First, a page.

Corporate governance has a positive link to corporate performance
Internationally, over the past few years, much emphasis has been placed on the importance of corporate governance. In a recent study Moxey (2002) argued that there is a growing consensus that corporate governance has a positive link to corporate performance. Countries with high standards of corporate governance practices are more likely to attract international capital. If corporate governance had been deeply flawed, the current level of national productivity could not be achieved.
Generally speaking, large incorporated businesses are usually owned by one group of people (the owners or shareholders) whilst being run by another group of people (the management or the directors). This separation of ownership from management creates an issue of trust, called Agency problem. The management has to be trusted to run the company in the interest of the shareholders and other stakeholders. If information were available to all stakeholders in the same form at the same time, corporate governance would not be an issue at all.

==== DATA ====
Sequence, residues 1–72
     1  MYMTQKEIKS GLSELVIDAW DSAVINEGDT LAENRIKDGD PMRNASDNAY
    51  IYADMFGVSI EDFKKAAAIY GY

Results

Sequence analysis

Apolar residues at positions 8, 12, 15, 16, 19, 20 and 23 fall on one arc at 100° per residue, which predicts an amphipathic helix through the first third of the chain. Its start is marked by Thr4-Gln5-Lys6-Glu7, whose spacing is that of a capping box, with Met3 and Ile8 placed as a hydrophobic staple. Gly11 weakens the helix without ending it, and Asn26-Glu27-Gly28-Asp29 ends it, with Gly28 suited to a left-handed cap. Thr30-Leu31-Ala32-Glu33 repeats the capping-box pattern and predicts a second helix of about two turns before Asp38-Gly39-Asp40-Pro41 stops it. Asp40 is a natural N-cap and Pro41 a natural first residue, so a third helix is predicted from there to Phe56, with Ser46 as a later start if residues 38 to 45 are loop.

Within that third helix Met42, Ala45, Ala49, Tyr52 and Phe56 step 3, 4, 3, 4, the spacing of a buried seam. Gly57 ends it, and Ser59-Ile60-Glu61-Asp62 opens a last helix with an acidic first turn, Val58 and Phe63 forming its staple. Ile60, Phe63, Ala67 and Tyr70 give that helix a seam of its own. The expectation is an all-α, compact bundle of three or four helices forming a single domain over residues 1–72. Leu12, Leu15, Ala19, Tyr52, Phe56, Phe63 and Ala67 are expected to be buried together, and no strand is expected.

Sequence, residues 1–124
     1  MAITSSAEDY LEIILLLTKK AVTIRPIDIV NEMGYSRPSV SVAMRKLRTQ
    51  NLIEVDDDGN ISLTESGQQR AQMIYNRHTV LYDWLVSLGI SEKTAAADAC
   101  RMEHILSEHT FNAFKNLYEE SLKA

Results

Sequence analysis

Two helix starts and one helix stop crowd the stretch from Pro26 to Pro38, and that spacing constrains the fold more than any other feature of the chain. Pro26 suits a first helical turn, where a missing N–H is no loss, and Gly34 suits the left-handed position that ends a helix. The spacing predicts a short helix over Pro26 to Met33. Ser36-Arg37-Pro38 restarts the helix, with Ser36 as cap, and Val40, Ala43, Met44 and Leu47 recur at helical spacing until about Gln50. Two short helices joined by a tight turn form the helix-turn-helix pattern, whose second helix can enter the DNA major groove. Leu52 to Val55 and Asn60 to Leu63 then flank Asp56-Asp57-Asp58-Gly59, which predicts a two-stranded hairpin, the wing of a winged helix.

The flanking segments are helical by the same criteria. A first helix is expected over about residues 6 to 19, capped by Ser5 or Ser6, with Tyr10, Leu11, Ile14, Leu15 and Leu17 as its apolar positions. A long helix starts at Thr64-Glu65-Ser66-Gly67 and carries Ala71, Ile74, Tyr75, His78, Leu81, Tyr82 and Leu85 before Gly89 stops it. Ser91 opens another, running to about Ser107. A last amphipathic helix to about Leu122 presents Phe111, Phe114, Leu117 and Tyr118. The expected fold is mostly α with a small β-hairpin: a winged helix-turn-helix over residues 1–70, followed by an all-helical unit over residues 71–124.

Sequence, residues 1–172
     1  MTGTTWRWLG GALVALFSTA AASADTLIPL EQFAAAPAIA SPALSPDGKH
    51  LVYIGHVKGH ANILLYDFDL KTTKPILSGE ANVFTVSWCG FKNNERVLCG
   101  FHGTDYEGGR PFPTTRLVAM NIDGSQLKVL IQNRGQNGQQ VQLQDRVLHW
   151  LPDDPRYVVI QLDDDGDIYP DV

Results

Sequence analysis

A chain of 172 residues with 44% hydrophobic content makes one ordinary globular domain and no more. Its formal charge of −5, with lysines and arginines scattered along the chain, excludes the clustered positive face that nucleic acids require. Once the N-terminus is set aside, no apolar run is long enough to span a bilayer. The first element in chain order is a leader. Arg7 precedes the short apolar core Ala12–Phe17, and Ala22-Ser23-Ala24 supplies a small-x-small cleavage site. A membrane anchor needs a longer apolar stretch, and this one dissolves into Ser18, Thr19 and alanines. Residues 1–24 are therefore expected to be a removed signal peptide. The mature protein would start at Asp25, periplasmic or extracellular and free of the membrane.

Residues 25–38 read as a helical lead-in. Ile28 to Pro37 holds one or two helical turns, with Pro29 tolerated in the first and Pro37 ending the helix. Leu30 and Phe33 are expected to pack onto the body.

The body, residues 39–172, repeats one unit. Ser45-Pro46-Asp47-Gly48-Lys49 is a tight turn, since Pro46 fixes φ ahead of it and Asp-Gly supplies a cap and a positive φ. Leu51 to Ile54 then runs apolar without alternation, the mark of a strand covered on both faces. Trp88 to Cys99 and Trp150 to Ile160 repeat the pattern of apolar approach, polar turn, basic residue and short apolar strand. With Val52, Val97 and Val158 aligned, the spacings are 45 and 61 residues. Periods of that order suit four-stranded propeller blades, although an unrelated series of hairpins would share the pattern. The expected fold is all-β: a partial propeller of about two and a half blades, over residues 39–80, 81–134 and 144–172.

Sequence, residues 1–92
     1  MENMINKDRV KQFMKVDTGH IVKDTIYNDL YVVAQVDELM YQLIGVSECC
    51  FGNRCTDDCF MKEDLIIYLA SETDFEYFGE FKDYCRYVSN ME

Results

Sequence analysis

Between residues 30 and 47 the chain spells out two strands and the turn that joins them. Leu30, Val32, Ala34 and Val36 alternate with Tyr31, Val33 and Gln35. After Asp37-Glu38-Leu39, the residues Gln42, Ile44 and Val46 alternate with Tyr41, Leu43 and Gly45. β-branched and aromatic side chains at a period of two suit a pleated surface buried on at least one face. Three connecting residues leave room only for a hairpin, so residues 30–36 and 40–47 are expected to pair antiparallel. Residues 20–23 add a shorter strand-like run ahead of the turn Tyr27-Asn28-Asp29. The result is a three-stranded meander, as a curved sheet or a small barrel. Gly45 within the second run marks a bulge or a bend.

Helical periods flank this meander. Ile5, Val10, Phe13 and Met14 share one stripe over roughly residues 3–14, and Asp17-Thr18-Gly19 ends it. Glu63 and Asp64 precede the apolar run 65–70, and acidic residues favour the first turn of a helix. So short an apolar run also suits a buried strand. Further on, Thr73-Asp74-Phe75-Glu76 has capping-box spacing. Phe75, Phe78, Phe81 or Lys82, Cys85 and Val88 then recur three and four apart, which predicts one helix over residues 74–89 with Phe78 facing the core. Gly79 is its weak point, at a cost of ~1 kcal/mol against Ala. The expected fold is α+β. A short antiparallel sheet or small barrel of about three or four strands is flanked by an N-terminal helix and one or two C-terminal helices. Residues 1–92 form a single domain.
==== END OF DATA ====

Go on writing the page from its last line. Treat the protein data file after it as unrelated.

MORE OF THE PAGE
With the same information as managers, shareholders and creditors would not worry about the management wasting their money on useless projects; suppliers would not worry about the customer not fulfilling its part of a supply agreement; and customers would not worry about a supplier firm not delivering the goods or services agreed. However, in the real world of imperfect information, each agent will use whatever informational advantage they may have. Looking at conventional firms, management will usually have an informational advantage over other stakeholders.
With more and more questionable business practices appeared governments pretend to tighten the regulation around corporate governance further. In recent year the term “stakeholder” has been introduced into the language of business ethics. It sounds like going to replace the traditional term “stockholder” in dealing with questions of corporate responsibility (Marcoux, 2000). Shareholder theorists argue that managers should serve the interests of a firm’s owners- shareholders.